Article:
San Francisco, CA -- On November 12, 2015, Stanislav Petrov, 29, decided to run from police; a decision that would get him beaten, almost to death. The entire beating was caught on camera, and now, the enhanced surveillance footage shows cops bribing witnesses not to talk, using Petrov's stolen property.
After brutally beating a non-violent and non-resisting suspect for several moments, the officers involved relieved him of his belongings and gave them to a homeless couple to keep them quiet.
After the video had been released by the San Francisco Public Defender’s Office, the couple came forward with claims that the cops bribed them not to say anything and that the deputies took a "trophy photo" of their victim, Stanislav Petrov.
Up until now, the witnesses claims have been just that, claims. However, thanks to Petrov's Public Defender Jeff Adachi, we can now see the cops take the gold chain and walk into the alley to deliver the stolen goods as a form of hush money.
Jerome Allen and his wife Haley Harris were living in a tent on the corner during the beating that night.
"They came up to me and the first thing they said was, 'did you enjoy the show?'" said Allen, describing the interaction. "The other cop came around the corner and said, 'Hey, I found something: don't spend it all in one spot.' And he passed me a very nice gold chain with a large medallion cross on it, with diamonds, Turkish gold."
According to KTVU, Paul Endo worked to boost the video and audio quality. He said he can hear a metal clink and see a deputy twirling something shiny in his hand. "Around the subject's hand, there seemed to be an object that was reflective, perhaps on the end of a rope or chain."
"And now you have more than a smoking gun," Adachi said. "You (see) where he's actually twirling this chain around."
While the publicly released video only shows the officer twirling the chain and turn off camera, KTVU learned recently that more surveillance video exists that was captured from the alleyway, after Petrov was taken to the hospital.
"My jaw dropped,” said Adachi. " It completely corroborates what the witnesses have said."
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Aside from the man's jewelry, the deputy gave the homeless couple money, crystal meth, and some Newport cigarettes.
After the department had found out about the bribe, the officer in question was suspended.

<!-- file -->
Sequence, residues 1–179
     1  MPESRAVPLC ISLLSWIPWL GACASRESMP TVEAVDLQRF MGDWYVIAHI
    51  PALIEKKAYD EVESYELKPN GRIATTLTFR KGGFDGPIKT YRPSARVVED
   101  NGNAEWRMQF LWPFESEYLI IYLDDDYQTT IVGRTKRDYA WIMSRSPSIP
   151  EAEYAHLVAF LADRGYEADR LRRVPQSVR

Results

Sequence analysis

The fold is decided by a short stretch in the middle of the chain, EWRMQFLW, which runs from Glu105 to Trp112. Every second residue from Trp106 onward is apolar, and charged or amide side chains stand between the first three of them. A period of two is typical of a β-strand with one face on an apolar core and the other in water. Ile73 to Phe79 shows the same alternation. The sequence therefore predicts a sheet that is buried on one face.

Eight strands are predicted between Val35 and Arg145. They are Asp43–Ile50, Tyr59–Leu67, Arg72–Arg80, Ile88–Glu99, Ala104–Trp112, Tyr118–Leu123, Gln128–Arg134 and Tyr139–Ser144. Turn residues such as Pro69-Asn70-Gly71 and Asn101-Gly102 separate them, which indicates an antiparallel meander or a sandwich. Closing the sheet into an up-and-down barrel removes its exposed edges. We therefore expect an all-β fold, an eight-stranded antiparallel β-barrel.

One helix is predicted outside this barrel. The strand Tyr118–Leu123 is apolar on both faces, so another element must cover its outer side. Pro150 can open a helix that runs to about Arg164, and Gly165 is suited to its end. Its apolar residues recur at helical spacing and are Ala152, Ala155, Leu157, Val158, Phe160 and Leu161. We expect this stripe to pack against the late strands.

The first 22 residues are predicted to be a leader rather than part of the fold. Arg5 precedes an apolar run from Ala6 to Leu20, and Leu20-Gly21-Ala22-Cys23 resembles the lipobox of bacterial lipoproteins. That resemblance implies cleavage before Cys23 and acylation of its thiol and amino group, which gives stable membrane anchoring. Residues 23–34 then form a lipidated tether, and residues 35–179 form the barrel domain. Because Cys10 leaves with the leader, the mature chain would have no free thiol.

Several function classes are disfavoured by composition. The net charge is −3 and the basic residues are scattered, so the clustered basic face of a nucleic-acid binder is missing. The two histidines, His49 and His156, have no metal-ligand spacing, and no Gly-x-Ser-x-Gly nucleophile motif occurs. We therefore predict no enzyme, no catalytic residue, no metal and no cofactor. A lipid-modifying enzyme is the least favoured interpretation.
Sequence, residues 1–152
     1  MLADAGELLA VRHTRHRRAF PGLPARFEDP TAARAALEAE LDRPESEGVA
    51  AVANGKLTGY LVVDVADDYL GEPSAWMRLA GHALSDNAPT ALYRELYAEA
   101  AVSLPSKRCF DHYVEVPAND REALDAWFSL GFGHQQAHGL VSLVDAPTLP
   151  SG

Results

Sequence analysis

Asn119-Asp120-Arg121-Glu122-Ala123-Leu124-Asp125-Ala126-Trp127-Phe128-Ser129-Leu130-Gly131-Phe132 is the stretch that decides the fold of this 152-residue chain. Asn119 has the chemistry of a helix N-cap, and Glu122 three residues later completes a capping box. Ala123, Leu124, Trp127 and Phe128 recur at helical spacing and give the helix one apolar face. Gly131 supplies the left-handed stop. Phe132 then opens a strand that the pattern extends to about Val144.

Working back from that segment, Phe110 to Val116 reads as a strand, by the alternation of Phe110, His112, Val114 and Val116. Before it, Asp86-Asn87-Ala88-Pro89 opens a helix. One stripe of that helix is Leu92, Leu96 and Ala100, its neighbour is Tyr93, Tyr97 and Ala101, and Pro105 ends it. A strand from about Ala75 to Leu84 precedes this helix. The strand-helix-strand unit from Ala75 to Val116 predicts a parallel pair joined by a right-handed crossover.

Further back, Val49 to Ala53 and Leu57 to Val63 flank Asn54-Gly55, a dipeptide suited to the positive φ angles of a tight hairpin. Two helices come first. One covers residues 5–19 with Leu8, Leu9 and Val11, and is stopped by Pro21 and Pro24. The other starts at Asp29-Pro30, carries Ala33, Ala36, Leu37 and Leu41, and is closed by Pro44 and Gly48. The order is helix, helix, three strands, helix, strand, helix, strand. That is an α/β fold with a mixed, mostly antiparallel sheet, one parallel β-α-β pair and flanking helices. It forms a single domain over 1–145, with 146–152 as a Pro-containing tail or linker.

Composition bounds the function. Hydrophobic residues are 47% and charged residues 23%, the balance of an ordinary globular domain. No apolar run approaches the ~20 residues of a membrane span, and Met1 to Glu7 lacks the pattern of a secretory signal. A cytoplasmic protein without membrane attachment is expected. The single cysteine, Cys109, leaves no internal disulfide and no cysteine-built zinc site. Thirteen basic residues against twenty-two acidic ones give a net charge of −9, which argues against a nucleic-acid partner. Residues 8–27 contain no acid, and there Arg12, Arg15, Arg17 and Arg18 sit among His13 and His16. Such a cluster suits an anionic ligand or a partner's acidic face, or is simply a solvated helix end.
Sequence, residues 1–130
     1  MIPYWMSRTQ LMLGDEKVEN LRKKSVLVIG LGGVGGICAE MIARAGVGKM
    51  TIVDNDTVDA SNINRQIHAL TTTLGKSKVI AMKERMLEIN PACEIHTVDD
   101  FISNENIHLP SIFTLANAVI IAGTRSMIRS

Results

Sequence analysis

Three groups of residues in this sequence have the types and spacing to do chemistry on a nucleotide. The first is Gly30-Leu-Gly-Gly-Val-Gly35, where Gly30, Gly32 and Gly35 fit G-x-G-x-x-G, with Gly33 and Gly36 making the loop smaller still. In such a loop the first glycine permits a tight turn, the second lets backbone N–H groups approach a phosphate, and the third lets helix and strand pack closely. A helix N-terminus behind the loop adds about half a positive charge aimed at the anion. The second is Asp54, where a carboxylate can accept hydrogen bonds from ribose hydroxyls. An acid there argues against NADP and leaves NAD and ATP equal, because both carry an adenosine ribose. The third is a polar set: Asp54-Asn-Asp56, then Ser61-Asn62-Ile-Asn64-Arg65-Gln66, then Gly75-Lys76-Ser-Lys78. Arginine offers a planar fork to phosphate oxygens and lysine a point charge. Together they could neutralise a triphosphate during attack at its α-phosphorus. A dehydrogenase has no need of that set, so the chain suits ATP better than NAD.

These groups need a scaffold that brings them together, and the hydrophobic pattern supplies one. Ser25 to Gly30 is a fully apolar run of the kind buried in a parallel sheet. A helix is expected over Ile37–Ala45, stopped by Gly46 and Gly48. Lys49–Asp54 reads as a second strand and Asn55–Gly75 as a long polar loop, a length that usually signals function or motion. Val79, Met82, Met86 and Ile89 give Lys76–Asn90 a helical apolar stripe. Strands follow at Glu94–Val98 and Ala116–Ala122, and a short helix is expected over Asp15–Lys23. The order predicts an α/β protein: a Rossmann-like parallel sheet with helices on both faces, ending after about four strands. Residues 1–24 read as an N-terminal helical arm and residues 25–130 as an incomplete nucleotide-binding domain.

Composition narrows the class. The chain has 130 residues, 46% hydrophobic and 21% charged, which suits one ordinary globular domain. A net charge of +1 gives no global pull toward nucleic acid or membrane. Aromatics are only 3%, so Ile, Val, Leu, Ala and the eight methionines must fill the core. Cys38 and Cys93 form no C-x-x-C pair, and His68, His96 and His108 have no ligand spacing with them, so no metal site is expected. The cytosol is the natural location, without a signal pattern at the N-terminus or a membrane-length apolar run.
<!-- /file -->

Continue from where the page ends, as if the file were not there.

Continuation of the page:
"This is absolutely unacceptable, if true, it will not be tolerated," Sheriff's spokesman Sgt. J.D. Nelson told reporters last month at an evening news conference. "They are no better than the criminals they arrest if these allegations are true."
"Nobody bribes witnesses when they're innocent," said Haddad. And judging from when the officers wrote their reports, they are clearly not innocent.
Haddad noted that the deputies obviously wrote their reports after they had seen the video so they could get their stories straight.
"The deputies waited four days to write their reports," said Haddad, "when their policy requires the reports to be completed by the end of shift."
The San Francisco District Attorney's Office is tight-lipped about the incident and releasing no information. However, sources close to the Agency said they may be close to filing criminal charges against Deputies Luis Santamaria and Paul Wieber for the use of excessive force.
"The video became a part of our investigation,” said Sgt. Ray Kelly of the Alameda sheriff's office who has also launched a criminal probe into the incident. “As a matter of fact, we had the video enhanced by the FBI so that it's more clear.”
He said his department put Deputy Shawn Osborne on administrative leave and investigators believe he is the one shown in the video twirling the chain, according to KTVU. "The officers on scene didn't know that we had that video," Kelly said. "So we used it as an investigative tool to get to the truth."
In the Land of the Free, public servants will brutally beat down a non-violent suspect, steal his property and give it to witnesses to keep quiet, and we call this 'due process.'
"We need to restore accountability, said Adachi. "This was a beating that was on par with the Rodney King beating and yet, in that case, there were charges filed in two weeks, you know here, it's been six months."